Speaking to many yacht chefs, it seems that today's superyacht galleys are too inefficient; having domestic items and home utensils in a place of work. The Crew Report spoke to chef Manny Slomovits about the struggles superyacht chefs face on board. “What bothers me the most about galley design and equipment these days,” Slomovits tells us, “Is that you have this 50-million dollar yacht being built and they are so worried about hiring a chef in advance to actually help with the design. They leave it until you end up with this ‘Susie Homemaker’ kitchen built for the Mrs. rather than for cranking out crew meals on top of charter guests or owners meals at the same time.”

Credit: Shaw McCutcheon

“You always end up with sinks that never fit a sheet tray in them and a fridge that can never hold anything more than a couple bottles of Evian,” Slomovits continues. “Chefs end up climbing up and down stairs all day long and trying to fit packets of basmati rice in the cracks of the wall or behind electrical wires. We need industrial self-cleaning ovens in the galley. My elbow grease works fine but after seventeen hours of standing on my feet, I really could use some smart equipment.”

We asked Slomovits why the functionality of the galley was so important to get right. “The galley is where majority of the action that really counts comes from,” he replies. “Try telling your boss that food isn't going to be ready since the yard or build captain decided to go with ‘whatever’, rather then actually building a fully functioning galley. I have been on a yacht with a country kitchen where I used to put some of my provisions in the crew area and crank up the AC since I had no cooler space to work with.”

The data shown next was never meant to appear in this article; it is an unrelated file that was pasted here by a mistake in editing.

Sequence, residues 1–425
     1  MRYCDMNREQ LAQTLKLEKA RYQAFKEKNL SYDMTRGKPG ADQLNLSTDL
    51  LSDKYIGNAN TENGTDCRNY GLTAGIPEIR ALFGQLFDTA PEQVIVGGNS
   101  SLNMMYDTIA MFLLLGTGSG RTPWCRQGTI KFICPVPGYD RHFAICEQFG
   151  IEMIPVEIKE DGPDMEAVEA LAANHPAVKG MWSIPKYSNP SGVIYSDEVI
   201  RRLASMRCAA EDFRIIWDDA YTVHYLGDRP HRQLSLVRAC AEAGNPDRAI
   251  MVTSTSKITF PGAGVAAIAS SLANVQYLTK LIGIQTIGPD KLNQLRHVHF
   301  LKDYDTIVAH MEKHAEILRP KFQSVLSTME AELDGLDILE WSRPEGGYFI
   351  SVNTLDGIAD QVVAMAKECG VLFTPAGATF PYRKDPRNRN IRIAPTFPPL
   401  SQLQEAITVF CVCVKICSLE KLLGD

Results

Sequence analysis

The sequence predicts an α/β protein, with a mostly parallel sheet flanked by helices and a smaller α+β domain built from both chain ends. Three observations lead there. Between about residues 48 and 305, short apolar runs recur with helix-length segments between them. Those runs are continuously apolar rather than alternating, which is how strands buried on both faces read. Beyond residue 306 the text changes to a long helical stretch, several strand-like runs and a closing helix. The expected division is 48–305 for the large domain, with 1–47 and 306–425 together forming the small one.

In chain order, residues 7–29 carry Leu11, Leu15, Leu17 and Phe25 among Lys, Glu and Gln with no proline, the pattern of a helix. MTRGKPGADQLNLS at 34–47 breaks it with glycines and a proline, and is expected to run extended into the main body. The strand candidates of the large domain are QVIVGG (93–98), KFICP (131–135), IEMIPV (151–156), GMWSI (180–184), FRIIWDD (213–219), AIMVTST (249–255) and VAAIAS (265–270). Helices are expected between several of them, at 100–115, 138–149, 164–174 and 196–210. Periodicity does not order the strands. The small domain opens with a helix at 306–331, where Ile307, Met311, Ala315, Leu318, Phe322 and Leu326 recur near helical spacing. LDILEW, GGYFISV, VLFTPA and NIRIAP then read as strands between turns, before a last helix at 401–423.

So how do these problems in the galley keep coming about? “It boils down to the build and the chef not being involved” Slomovits explains. “They always bring in the chef last, trying to save money. If my boss and charter guests are going to get top quality meals, I need top quality ingredients and equipment. A good chef is only as good as his or her sharp knife and clean cutting board.”

"I have been on a yacht with a country kitchen where I used to put some of my provisions in the crew area and crank up the AC since I had no cooler space to work with.” - Chef Manny Slomovits

But Slomovits explains that the build is not the only time when having an ivested chef on board is important. “Some boats just don’t want to keep a chef on staff year round,” Slomovits says. “So you have the freelancers come in and do the charters or boss trips. This is when you end up with this jigsaw kind of galley with all sorts of mixed matched equipment everywhere. We are creatures of habit and like using specific equipment so each chef will go out and buy those tools to be successful. This costs extra money and eats away at the potential charter tip or bosses bottom line. It's much better to have a full-time chef year round.”

It appears that the majority of the problems in the galley start when a chef is not involved at the design stage. “I wouldn't expect some architect or engineer to understand what the interior crew have to deal with; its just fractions and angles to them,” Slomovits concludes. “That is why I stop at every booth at a boat show and try to network with as many designers as I can. This way I can make a difference slowly. One thing is for sure, before you design a yacht you should always ask a talented chef and chief stewardess what they really need in order to make the boat function properly for the owner and charter guests. It's the attention to detail that makes the difference in the long run.”